We jump into the crystal clear water and follow the bottom that slopes down to about 20m, where we settle down beside a coral bommie and wait for the sharks. It takes only a minute before a grey reef shark shows up a few metres away, and soon there are more than ten black tips and reef sharks circling over our heads. On the surface our boat driver is repeatedly throwing a boat fender on a rope into the water to get the sharks attention, so at the end of the dive the surface is boiling with sharks. I feel a bit uncomfortable with all the agitated predators circling around the boat, so I literally run up the ladder.
In this tropical climate the weather conditions change really quickly, and we experience a short bursts of rain nearly every day. However, the following day is no ordinary rain shower. It’s a typhoon with quite heavy winds, making it impossible to dive.
We whiled away the time at the Blue Lagoon, which is another dive resort a few kilometers to the south. The main reason was to visit the museum there that was founded by the legendary local diver Kimiuo Aisek, who was also an eyewitness to the attack on Truk when he was a boy. Luckily the typhoon only lasted for one day, and when we woke up the next morning there was almost no wind.
All wrecks are unique in their own way, but there are some favorites that we go back to. Besides the famous Fujikawa that we visit four times, we also do three dives on the Hoki Maru, an amazing wreck.
On the morning of 18 February 1944, a SB2C Helldiver delivered the coup de grace to the already damaged Hoki by dropping two bombs. The blast completely destroyed the fore ship when barrels of fuel exploded in the forward cargo holds.
Today she rests at a depth of 50m, and there is a lot to see, especially on the inside. When dropping down into the aft hold, the first thing you see is a bulldozer resting on some beams. I avoid swimming directly under it, because some day it will fall down when the beams rust through.
We move down to the next level and pass a tractor before continuing into the darkness, where a number of smaller trucks are lined up. To take photographs in this environment is really challenging, not only due of the lack of naturallight, but also because of rust particles raining down from the ceiling as soon as we enter. It takes three dives on the wreck, including some pre-planning, before I manage to take some pictures that I'm satisfied with.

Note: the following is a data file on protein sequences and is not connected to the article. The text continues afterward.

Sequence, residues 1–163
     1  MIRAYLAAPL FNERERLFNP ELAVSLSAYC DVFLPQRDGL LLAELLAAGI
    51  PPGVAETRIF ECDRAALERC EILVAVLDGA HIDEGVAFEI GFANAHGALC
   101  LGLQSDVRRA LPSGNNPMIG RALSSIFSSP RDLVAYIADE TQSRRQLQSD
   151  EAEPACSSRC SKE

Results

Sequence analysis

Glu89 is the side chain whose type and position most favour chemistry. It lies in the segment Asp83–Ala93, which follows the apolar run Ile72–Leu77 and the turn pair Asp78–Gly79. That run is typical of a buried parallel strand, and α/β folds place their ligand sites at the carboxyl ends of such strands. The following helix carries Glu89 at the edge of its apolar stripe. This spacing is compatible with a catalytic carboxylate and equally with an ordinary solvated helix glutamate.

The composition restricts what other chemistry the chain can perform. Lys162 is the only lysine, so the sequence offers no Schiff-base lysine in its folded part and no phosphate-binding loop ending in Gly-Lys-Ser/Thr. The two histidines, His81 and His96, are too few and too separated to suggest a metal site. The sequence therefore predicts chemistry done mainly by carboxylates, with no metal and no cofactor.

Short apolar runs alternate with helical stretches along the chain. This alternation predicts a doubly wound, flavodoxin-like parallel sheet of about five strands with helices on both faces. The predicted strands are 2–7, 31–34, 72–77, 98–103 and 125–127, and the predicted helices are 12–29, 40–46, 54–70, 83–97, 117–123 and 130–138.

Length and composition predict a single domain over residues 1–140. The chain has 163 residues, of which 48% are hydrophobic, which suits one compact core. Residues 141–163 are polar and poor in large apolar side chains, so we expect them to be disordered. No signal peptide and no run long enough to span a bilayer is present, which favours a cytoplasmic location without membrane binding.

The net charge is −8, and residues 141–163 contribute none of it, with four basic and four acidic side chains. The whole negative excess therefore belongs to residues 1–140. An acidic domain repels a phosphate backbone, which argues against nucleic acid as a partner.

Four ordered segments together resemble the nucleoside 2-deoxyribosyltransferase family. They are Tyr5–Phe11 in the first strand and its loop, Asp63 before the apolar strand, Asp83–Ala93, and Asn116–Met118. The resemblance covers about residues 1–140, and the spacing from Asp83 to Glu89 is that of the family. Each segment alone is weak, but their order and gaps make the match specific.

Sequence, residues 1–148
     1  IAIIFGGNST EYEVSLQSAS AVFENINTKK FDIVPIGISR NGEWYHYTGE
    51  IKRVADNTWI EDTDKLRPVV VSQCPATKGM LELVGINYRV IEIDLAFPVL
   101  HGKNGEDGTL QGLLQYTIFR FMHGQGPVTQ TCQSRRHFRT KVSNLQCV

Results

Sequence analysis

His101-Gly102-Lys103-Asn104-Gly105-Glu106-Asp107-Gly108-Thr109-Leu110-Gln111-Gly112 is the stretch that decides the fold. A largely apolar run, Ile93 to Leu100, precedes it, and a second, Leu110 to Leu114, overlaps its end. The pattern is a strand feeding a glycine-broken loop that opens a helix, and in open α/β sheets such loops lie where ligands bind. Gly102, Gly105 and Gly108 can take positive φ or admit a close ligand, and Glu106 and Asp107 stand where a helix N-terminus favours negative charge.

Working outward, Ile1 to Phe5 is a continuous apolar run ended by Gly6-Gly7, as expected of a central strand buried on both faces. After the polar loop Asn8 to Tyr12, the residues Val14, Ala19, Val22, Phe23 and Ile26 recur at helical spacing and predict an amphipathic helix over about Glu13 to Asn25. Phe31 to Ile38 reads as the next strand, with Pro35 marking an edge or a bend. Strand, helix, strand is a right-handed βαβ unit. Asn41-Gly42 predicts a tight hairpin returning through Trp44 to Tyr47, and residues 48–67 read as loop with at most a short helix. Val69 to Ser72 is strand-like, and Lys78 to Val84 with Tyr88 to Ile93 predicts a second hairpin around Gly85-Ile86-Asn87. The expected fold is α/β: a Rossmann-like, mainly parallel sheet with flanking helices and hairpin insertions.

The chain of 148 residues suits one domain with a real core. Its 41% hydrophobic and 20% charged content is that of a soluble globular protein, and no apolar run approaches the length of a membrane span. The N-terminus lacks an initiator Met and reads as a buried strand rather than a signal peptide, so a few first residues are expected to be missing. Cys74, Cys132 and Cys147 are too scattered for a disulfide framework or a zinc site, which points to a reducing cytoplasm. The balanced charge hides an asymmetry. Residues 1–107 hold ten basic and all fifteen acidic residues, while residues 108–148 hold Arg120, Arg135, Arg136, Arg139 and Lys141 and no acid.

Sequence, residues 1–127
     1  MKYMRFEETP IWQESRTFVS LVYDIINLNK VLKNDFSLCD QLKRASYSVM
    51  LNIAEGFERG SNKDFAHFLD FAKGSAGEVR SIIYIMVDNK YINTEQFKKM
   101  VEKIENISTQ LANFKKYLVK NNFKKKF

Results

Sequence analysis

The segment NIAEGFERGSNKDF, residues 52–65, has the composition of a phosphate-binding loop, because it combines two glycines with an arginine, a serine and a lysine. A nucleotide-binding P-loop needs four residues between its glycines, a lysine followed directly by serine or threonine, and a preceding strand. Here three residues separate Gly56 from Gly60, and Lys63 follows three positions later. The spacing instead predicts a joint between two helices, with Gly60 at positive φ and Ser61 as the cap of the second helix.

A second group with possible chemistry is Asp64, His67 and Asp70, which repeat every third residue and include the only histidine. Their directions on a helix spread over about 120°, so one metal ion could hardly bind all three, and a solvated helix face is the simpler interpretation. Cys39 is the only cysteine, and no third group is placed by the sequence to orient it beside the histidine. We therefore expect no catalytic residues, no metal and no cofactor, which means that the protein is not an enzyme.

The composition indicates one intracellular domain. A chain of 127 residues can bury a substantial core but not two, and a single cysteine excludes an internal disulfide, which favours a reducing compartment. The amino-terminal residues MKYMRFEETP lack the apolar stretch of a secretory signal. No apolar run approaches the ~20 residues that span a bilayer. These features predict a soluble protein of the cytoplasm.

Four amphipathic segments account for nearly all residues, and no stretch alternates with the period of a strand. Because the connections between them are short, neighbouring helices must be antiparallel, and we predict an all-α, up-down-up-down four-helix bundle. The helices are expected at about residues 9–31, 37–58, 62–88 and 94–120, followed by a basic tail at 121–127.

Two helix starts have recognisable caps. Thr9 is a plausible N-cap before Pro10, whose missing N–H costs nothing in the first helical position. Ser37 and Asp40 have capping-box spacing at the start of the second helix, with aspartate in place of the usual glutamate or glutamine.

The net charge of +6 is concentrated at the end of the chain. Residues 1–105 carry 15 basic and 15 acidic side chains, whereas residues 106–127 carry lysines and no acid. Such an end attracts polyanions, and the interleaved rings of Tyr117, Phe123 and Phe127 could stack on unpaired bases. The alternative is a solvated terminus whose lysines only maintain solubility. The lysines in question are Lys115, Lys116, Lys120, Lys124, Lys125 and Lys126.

Another wreck that we return to is the Kensho Maru, resting on an even keel at moderate depth. This is one of my absolute favorite dive sites, and I convince the others to do a third dive to the Kensho. The engine room is like a small cathedral and very photogenic. I spend a lot of time here shooting from different angles, capturing the beautiful light from the skylight that illuminates the row of cylinders below.
Just aft of the engine room is the ship's well-preserved galley, still with tiled floor and a large stove, including pots and pans. At the end of the dive we explore the radio room and the bridge, where you find a nice telegraph.
Our last dive of the trip is a fantastic twilight dive to the Fujikawa Maru. There are big schools of fish swimming all over the wreck, and the big red sun just sets behind the islands as we come out of the water.
It is time to get rid of some nitrogen before the journey back home. We decide to book a tour on the last day to explore topside of the island. The first stop is to visit the Xavier High School, located on a hill overlooking the sea. This used to be a heavily bunkered radio command center for the Japanese fleet, and over the armoured doors you can still see bullet holes. The reinforced concrete building survived two direct hits from 500-pound bombs during Operation Hailstorm. The roof was repaired after the war, but the damage is still visible from inside the building.
We leave the school and continue to the abandoned Sapuk Lighthouse located high on another hill top. It is not possible to drive all the way, so we have to walk through the jungle. It is hot and sweaty as we climb the hill, but as you get up in the tower, you are rewarded with a stunning panoramic view of the lagoon and a cool breeze.
The locals are friendly, waving to us along the way as we pass. Most are extremely poor – the unemployment rate is high.
The last stop on the tour is another hilltop next to a burned-out house that formerly belonged to the governor of Chuuk. We follow an elderly man up to a tunnel called Nefo Cave. The tunnel leads through the mountain to an opening on the other side where there is a large a gun that was used to guard the north pass. The gun was never used, since the Allied Forces attacked the island from the air.
It’s getting dark so we head back to the hotel to pack our things before leaving. A few hours later we leave the wreck paradise behind us, with a long journey home ahead of us, but it has been well worth the long journey, and I hope to return to this diver’s heaven for as long as the wrecks still hold together.